Just metres from the company's extensive stoneworks, Forest of Dean Stone is celebrating the switch on of its micro hydro generation turbine. Harnessing the power of the River Lyd, the turbine installation will produce around 50,000 kW hours of electricity over a 12 month period, over a third of the company's usage.
Using a Crossflow Turbine type SH 3.033/6g, from leading turbine manufacturer, Ossberger, Forest of Dean Stone will generate around 12 kW of power per second: at maximum flow rate, 200 litres of water passes over and through the guide vanes per second.
The stoneworks houses all of the companies cutting equipment and consumes in the region of 180,000 kWh per annum. This is on a fixed contract from N Power at 9.4p per unit/kW, equivalent to an annual electricity bill of £18,000.
The electricity generated by the hydro turbine is fed into the distribution network of the stoneworks and what isn't consumed on site is ultimately, exported to the national grid. Managing director, Nick Horton, estimates that the nett contribution to the company, when the Feed In Tariff has been added to the 9.4p, will be in the region of £15,000 per annum, "...in simple terms we get around 83% of our electricity free, this is not only index linked but underwritten by the Government for the next 20 years," said Nick.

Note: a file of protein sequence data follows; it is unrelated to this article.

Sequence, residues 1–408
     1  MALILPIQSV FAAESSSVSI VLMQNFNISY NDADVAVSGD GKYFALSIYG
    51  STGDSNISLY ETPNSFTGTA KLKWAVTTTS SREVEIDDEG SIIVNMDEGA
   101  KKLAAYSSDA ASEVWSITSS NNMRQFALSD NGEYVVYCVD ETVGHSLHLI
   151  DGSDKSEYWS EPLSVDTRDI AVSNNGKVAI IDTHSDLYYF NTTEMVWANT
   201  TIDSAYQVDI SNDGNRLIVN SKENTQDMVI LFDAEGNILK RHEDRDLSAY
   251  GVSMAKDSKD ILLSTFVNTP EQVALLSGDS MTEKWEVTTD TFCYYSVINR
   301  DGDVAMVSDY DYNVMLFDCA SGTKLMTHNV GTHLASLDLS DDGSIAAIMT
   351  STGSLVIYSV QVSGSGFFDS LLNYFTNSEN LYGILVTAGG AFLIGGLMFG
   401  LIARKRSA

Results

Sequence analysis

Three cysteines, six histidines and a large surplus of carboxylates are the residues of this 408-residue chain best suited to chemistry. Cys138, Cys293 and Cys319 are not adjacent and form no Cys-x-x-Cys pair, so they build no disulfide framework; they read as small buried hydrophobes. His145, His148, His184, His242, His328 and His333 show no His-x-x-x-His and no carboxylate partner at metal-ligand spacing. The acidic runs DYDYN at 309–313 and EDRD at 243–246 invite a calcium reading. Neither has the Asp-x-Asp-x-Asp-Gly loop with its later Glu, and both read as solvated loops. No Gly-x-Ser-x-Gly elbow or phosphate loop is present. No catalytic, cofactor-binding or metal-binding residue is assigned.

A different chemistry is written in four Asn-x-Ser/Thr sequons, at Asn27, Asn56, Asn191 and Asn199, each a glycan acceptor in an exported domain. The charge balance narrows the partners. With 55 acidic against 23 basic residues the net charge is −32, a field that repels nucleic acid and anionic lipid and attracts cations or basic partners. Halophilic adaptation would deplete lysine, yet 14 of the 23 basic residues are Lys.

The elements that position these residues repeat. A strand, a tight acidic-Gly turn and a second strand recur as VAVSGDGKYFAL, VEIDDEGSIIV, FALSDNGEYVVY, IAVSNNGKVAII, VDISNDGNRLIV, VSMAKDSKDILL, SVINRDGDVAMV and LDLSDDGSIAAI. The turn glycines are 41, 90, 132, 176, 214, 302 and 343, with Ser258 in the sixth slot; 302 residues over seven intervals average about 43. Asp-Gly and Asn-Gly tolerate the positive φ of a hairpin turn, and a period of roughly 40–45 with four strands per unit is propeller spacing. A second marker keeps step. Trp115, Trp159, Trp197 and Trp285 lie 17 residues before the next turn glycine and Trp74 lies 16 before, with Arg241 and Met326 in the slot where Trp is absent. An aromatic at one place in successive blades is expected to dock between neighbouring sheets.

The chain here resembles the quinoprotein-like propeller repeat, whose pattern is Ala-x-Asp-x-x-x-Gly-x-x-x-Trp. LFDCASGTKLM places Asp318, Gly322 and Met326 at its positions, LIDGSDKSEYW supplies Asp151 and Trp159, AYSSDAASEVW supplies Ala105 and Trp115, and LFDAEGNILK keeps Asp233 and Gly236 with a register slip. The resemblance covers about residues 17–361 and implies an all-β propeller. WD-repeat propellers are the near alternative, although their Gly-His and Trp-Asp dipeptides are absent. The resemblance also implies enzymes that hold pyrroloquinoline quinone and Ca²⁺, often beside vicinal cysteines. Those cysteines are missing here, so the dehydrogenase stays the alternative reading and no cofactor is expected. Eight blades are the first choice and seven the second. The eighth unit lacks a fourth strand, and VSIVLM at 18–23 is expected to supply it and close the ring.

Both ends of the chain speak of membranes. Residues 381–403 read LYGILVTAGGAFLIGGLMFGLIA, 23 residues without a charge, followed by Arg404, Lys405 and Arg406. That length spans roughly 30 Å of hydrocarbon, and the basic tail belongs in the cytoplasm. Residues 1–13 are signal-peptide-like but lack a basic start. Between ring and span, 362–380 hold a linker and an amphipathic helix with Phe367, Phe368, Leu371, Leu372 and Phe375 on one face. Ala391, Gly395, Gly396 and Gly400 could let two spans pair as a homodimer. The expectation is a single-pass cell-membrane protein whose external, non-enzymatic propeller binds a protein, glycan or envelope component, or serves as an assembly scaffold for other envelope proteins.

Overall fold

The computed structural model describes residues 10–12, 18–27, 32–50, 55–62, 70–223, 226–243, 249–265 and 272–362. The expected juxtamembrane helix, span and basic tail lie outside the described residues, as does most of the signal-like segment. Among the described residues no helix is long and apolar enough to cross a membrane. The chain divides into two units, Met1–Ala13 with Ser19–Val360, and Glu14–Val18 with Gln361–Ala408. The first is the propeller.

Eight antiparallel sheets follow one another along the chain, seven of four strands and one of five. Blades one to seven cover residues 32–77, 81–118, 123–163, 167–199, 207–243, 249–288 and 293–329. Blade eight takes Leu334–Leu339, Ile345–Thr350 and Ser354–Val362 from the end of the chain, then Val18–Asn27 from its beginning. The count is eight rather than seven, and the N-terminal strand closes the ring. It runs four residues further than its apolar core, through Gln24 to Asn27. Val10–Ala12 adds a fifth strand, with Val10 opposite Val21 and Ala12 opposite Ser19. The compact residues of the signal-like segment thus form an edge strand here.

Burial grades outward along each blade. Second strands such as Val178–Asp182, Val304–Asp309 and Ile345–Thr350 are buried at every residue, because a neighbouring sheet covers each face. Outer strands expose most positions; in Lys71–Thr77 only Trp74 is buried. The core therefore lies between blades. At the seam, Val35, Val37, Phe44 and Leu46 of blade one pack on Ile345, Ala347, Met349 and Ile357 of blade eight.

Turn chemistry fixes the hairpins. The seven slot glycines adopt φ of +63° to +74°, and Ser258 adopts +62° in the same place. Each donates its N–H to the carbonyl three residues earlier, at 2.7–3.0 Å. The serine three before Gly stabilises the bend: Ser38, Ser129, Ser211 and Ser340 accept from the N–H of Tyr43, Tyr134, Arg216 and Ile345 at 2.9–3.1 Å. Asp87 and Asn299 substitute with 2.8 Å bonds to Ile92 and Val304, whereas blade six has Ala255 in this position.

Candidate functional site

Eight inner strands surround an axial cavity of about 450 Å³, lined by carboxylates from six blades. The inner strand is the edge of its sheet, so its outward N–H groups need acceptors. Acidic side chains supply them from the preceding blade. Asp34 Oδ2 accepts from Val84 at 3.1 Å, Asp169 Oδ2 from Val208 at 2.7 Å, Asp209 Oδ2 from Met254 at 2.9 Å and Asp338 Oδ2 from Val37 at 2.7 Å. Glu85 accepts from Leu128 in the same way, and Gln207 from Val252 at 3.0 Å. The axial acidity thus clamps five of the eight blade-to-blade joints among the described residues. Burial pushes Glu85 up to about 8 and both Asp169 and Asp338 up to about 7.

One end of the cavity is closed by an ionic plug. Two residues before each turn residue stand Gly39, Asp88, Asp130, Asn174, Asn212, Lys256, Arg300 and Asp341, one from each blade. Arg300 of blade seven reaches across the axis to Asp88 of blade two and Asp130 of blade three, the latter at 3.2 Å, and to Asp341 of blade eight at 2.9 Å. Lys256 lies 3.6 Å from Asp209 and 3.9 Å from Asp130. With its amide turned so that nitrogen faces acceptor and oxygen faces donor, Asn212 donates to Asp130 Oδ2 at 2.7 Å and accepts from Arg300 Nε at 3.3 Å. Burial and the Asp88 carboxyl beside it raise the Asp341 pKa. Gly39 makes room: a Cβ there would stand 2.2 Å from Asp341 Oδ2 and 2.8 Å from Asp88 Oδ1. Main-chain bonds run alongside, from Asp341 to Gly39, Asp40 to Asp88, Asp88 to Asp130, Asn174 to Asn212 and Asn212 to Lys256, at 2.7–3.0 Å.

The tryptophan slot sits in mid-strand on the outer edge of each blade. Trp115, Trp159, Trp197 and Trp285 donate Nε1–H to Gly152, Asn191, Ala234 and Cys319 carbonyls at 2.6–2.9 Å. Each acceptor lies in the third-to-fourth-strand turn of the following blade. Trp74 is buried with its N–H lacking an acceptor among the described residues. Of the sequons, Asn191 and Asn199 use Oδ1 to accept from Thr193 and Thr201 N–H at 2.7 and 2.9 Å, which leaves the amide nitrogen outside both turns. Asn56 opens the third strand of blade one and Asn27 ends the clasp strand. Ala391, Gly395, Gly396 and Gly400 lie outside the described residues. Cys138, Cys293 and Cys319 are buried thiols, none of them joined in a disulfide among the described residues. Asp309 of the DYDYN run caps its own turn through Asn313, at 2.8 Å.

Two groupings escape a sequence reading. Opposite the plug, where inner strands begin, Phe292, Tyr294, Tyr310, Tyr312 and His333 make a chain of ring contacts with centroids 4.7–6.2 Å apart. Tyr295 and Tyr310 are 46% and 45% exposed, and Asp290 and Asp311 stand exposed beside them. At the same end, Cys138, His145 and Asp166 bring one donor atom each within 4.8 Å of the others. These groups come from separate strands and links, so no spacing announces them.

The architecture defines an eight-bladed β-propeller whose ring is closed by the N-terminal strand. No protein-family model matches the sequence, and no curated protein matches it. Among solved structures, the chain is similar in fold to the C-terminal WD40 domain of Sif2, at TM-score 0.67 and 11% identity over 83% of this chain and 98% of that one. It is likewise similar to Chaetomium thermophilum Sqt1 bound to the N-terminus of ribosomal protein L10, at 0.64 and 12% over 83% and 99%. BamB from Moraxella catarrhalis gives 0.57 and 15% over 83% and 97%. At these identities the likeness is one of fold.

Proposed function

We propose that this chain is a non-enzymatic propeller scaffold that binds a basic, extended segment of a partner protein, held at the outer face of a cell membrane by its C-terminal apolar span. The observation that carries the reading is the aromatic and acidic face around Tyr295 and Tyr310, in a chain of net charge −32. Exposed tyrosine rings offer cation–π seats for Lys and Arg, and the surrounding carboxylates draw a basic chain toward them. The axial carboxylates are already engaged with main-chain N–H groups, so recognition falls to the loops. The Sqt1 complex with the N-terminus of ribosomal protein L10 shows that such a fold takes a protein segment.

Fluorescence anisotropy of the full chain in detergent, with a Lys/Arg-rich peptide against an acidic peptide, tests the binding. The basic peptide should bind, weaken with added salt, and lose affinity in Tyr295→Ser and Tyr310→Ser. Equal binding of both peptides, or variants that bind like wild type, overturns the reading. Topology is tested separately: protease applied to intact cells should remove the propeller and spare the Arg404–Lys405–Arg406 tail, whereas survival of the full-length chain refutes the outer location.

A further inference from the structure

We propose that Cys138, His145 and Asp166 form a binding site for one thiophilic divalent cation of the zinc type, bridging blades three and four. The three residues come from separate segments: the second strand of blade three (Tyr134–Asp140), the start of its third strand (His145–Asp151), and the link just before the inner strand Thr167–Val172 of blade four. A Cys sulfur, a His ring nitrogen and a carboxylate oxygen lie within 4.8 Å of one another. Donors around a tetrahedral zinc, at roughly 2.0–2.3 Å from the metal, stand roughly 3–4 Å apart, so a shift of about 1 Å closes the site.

Forest of Dean Stone is situated next to the historic lakes at Cannop ponds, constructed in 1753 to drive the largest water wheel in Europe, powering the local ironworks a mile downstream. The ironworks and wheel have since been dismantled but evidence remains and it is the romance of this, combined with a personal drive to harness hydro power, which drove Nick to first approach his fellow board of directors with the hydro scheme. Having fallen at the first hurdle, six years prior, when looking to introduce a turbine into the Mill Race at his home in Somerset, Nick remained undeterred and it soon became apparent that the eight metre head and structure of the Cannop ponds exit spillway was just too good an opportunity to miss.
Nick continued: "Having realised the possibility of reintroducing hydro power to the stoneworks we needed to ensure that it was feasible and realistic, long-term. Initial feasibility studies were completed by a local micro hydro generation consultant whom analysed the flow data of the River Lyd, producing a computer model which concluded that the scheme would be viable. This information was extremely useful but we needed far more to meet the very stringent demands of the planning and environmental bodies. So, after numerous telephone calls, lots of hard work and more research and deliberation we commissioned renowned turbine manufacturer, Ossberger to produce a working system."
The installation wasn't without its challenges, with the snowfall and plummeting temperatures of December 2010 causing inevitable delays. Yet, only a few weeks behind schedule, Power-on Day arrived, complete with a full 12kW of generation at the point of switch on.
"Over the next few months we will be continuing to reap and certify the rewards of the installation including measurement of our carbon footprint and applying for BREEAM certification," concluded Nick. "Later in the spring we will also be holding an official launch event for our key partners, industry bodies and customers."